• #10
                    I don't have one but my bro does - He's really glad he's got one as he and his wife live way up in the mountains in cold country,
                    He bought a top of the line lennox pellet stove and its saving them money and creating lots of convenience - I can't remember the figures but he's done all the math and its working out great as they used to burn allot of wood but also run a business in town so are gone allot, Typically the wood fire would burn out then the super expensive propane would kick in.

                    Now for the most part they still burn some wood when home and when gone the pellet stove takes over - its thermostatically controlled and very maintenance free, very quite and still adds a nice fire glow to the family room.

                    I think the pellets are 4 bucks a bag but not sure, they usually wait till there on sale and haul up truck loads.


                    • #11
                      This is interesting and runs along the line of thought I was having. That is, it has good and bad points. I am leaning toward finishing my wood stove and put it in the house instead of the shop. I had thought about using a corn/pellet stove in the house and the wood stove in the shop.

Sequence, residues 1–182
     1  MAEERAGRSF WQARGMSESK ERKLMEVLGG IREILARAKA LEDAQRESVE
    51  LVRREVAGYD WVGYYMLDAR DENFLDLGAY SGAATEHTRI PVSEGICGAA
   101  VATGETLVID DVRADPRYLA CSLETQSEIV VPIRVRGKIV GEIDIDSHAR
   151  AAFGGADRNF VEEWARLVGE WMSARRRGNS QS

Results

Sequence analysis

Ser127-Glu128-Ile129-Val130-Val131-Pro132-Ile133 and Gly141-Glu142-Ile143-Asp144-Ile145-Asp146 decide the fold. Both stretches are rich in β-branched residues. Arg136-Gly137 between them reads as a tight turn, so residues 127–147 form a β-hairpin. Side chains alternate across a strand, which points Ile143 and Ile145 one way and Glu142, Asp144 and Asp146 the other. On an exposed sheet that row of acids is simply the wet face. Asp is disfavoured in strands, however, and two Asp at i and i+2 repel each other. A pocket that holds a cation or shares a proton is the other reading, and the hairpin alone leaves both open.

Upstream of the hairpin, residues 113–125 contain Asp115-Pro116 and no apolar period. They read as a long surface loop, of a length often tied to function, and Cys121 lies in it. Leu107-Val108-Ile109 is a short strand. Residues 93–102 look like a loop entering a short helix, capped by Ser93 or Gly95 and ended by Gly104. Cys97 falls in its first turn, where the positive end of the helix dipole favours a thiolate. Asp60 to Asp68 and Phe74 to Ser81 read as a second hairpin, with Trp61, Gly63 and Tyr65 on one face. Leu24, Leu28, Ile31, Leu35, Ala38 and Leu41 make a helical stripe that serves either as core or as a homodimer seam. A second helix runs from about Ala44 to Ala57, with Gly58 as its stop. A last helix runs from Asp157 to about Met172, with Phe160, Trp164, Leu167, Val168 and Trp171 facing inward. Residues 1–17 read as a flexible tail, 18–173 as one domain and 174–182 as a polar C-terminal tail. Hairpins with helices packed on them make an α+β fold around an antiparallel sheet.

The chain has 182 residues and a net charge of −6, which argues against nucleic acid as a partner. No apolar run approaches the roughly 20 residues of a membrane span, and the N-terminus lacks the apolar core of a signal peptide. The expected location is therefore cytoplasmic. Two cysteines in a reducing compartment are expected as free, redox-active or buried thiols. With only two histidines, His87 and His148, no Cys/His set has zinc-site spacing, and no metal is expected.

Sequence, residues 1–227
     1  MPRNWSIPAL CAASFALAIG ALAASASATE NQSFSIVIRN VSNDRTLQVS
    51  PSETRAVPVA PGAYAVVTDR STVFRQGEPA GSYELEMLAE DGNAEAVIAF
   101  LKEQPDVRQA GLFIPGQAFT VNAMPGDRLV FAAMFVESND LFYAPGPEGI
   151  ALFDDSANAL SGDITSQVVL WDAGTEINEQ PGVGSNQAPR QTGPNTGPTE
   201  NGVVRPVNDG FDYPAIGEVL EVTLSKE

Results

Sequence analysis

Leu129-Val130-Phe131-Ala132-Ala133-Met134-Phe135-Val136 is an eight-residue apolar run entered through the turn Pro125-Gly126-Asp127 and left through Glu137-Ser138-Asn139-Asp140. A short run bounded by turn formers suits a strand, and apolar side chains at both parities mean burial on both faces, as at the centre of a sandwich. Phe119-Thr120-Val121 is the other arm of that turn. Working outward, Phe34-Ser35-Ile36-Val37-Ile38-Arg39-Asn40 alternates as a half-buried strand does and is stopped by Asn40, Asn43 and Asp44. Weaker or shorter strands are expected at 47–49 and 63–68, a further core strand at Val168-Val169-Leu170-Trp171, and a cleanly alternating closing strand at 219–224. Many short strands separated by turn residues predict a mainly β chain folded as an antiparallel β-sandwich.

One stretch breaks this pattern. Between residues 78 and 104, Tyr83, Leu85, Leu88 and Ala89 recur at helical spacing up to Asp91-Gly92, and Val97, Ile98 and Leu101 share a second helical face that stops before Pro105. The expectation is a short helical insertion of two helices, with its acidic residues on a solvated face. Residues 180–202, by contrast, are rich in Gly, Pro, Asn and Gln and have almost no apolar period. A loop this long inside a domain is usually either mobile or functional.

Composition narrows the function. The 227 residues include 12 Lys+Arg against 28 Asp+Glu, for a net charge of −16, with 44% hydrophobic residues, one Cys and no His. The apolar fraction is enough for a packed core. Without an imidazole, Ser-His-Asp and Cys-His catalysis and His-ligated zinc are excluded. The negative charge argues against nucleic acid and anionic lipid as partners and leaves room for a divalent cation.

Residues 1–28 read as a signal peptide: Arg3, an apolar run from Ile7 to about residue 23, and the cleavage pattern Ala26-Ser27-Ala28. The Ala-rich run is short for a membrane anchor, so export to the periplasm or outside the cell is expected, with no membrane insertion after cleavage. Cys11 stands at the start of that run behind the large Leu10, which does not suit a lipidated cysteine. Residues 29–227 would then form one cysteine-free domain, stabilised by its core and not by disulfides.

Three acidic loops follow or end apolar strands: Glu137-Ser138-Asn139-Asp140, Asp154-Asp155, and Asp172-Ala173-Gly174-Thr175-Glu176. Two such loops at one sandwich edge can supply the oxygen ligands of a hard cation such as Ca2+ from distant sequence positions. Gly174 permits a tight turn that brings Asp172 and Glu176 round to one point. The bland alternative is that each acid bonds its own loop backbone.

Since this is for backup heat for the most part it will not have to burn all the time. The availability or corn or wood pellets concerned me because there are many sources of wood for cheap.

                      Thanks for all the replies and these may help someone decide if the corn/pellet stove fits their needs.
                      It's only ink and paper


                      • #12
                        On another note, that many but perhaps not all may know is insurance companies frown big time on wood burners and many have clauses to eliminate their liability if used, when fire or smoke damage points to them, even when covered, shop made stoves with out a UL approval sticker can be a reason to deny coverage, also using a unapproved chimney.


                        • #13
                          Have one. Love it. Wouldn't be without it BUT....(there's always one of those), if I had my druthers, there would be a wood stove there instead. I didn't have the foresight to plumb the chimney for wood burning; I'm in the desert (wood is expensive); propane is more expensive; soooo the pellet stove fits the situation perfectly.

                          I think the idea is to choose the source that fits your area. If wood is cheap, and you are plumbed to burn it, then forget pellets. I've never had to scout corn so I'm unfamiliar with the price, but pellets run about the same every year, around $5/bag. That means $200-$250/winter as opposed to $750 for propane.